However, the pipeline mechanism may dramatically corrupt the errorcorrection performance of a layered decoder by letting the processing units not always work on the most updated messages. This issue, known as pipeline "hazard'', arises when the dependence between the elaborations is violated. The idea is then to reschedule the sequence of updates and to delay with "idle'' cycles the decoding process until newer data are available.
As an improvement to similar stateoftheart works [10–13], this paper proposes three systematic techniques to optimally reschedule the decoding process in a way to minimize the number of idle cycles and achieve the maximum throughput. Also, this paper discusses different semiparallel architectures, based on serial processing units and all supporting the reordering strategies, so as to attain the best tradeoff between complexity and throughput for every LDPC code.
Semiparallel architectures of LDPC decoder have recently been addressed in several papers, although none of them formally solves the issue of pipeline hazards and decoding idling. Gunnam et al. describe in [10] a pipelined semiparallel decoder for WLAN LDPC codes, but the authors do not mention the issue of the pipeline hazards; only, the need of properly scrambling the sequence of data in order to clear some memory conflicts is described.
Boutillon et al. consider in [13] methods and architectures for layered decoding; the authors mention the problem of pipeline hazards (cutedge conflict) and of using an output order different from the natural one in the processing units; nonetheless, the issue is not investigated further, and they simply modify the decoding algorithm to compute partial updates as in [14]. Although this approach allows the decoder to operate in full pipeline with no idle cycles, it is actually suboptimal in terms of both performance and complexity.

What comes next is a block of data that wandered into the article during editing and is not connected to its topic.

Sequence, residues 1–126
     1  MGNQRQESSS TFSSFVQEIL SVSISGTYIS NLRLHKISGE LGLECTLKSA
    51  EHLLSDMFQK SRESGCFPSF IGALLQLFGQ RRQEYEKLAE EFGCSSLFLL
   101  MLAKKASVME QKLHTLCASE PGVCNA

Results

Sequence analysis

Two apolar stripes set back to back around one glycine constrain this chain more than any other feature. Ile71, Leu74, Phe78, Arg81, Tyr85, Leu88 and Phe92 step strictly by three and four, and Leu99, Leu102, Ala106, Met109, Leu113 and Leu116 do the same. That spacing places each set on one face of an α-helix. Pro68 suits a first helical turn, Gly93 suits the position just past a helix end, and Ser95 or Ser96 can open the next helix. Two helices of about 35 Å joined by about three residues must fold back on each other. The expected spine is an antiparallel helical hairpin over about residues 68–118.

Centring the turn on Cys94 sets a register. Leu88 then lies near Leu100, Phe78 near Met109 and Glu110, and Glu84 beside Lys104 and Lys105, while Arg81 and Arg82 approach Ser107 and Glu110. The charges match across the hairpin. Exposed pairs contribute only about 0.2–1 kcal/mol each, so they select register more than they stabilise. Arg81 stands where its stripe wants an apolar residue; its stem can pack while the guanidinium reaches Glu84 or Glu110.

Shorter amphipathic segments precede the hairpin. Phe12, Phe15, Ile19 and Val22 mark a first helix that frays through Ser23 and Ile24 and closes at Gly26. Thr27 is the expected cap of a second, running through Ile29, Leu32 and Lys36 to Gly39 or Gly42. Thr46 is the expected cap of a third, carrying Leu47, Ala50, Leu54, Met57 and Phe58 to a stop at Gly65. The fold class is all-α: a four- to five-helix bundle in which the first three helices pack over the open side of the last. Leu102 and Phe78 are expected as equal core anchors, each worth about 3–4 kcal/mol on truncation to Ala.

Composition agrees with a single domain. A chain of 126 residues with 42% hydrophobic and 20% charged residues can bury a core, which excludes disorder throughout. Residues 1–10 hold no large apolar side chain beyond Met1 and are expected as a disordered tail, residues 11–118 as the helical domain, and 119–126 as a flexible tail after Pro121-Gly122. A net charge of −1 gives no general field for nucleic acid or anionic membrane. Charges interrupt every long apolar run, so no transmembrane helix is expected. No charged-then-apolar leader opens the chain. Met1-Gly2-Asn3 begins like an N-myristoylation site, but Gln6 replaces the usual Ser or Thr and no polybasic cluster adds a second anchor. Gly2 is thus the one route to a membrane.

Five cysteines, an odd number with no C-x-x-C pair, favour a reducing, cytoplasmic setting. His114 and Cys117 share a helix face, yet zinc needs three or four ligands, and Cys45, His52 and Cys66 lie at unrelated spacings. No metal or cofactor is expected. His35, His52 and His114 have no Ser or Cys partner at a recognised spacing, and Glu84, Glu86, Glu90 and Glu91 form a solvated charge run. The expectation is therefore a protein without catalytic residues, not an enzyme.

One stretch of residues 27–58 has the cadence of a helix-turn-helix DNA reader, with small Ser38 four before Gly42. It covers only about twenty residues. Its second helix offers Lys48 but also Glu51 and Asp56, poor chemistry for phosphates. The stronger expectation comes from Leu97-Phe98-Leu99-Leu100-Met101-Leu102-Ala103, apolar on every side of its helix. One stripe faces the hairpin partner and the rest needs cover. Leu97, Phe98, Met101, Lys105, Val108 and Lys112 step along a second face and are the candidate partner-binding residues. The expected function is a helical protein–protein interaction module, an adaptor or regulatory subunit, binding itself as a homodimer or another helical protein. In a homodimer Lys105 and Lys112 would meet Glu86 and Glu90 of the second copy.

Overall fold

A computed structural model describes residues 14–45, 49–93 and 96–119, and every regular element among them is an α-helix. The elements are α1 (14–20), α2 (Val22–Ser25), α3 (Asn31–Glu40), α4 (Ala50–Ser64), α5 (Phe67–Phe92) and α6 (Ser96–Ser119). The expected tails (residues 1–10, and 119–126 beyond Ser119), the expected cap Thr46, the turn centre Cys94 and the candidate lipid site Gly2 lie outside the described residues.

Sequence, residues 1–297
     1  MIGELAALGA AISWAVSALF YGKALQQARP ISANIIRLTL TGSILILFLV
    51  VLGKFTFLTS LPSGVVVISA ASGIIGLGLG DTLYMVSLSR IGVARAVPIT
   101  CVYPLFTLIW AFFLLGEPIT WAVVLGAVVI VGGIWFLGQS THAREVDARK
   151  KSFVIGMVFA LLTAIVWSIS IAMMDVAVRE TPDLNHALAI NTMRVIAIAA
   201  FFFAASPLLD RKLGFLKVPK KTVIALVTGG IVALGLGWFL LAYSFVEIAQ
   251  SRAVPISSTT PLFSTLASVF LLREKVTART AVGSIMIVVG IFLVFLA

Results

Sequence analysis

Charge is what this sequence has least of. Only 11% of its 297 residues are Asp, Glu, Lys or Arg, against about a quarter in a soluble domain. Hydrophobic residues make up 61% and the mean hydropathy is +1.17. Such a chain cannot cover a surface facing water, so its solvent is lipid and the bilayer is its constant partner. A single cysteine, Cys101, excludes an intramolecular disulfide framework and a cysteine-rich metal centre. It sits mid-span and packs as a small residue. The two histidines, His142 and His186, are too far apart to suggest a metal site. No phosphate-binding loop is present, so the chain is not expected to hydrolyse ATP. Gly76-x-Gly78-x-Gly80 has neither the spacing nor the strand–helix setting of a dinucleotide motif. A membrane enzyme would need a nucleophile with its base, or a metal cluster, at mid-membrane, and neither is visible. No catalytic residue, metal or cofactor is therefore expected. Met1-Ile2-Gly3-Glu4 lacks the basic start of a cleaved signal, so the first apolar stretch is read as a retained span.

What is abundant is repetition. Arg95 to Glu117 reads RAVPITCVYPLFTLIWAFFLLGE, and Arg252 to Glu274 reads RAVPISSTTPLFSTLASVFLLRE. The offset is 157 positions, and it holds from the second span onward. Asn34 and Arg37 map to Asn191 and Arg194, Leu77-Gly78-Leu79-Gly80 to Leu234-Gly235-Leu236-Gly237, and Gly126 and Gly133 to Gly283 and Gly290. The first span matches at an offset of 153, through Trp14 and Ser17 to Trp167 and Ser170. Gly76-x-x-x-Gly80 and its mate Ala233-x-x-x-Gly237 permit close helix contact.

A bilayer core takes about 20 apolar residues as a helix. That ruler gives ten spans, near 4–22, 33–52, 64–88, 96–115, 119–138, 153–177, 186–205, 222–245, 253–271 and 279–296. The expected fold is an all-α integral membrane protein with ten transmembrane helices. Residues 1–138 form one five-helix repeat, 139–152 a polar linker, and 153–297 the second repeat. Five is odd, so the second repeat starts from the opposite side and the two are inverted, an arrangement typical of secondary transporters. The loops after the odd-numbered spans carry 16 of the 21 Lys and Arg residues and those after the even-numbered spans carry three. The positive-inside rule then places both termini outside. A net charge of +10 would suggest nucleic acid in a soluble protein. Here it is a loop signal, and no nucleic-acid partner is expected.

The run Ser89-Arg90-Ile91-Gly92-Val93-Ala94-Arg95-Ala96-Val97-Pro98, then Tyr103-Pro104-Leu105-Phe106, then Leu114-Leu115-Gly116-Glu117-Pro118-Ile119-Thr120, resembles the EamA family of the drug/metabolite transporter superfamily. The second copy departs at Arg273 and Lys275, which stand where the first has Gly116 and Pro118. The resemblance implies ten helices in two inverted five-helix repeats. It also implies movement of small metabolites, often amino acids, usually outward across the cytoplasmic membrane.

Similarly, Bhatt et al. propose in [11] a pipelined blockserial decoder architecture based on partial updates, but again, they do not investigate the dependence between elaborations.
In [12], Fewer et al. implement a semiparallel TDMP decoder, but the authors boost the throughput by decoding two codewords in parallel and not by means of pipeline.
This paper is organised as follows. Section 2 recalls the basics of LDPC and of AALDPC codes and Section 3 summarizes the layered decoding algorithm. Section 4 introduces three different techniques to reduce the dependence between consecutive updates and analytically derives the related number of idle cycles. After this, Section 5 describes the VLSI architectures of a pipelined blockserial LDPClayered decoder. Section 6 briefly reviews the WLAN codes used as a case study, while the performances of the related decoder are analysed in Section 7. Then, the results of the logic synthesis on a 65 nm lowpower CMOS technology are discussed in Section 8, along with the comparison with similar stateoftheart implementations. Finally, conclusions are drawn in Section 9.
2. ArchitectureAware BlockLDPC Codes
Recently, the joint design of code and decoder has blossomed in many works (see [8, 16]), and several principles have been established for the design of implementationoriented AAcodes [6]. These can be summarized into (i) the arrangement of the paritycheck matrix in squared subblocks, and (ii) the use of deterministic patterns within the subblocks. Accordingly, AALDPC codes are also referred to as blockLDPC codes [8].
The pattern used within blocks is the vital facet for a lowcost implementation of the interconnection network of the decoder and can be based either on permutations, as in [6] and for the class of rotation codes [17], or on circulants or cyclic shifts of the identity matrix, as in [8] and in every recent standards [1–3].
AALDPC codes are defined by the number of blockcolumns , the number of blockrows , and the blocksize , which is the size of the component submatrices. Their paritycheck matrix can be conveniently viewed as , that is, as the expansion of a basematrix with size . The expansion is accomplished by replacing the 1's in with permutations or circulants, and the 0's with null subblocks. Thus, the blocksize is also referred to as expansionfactor, for a codeword length of the resulting LDPC code equal to and code rate .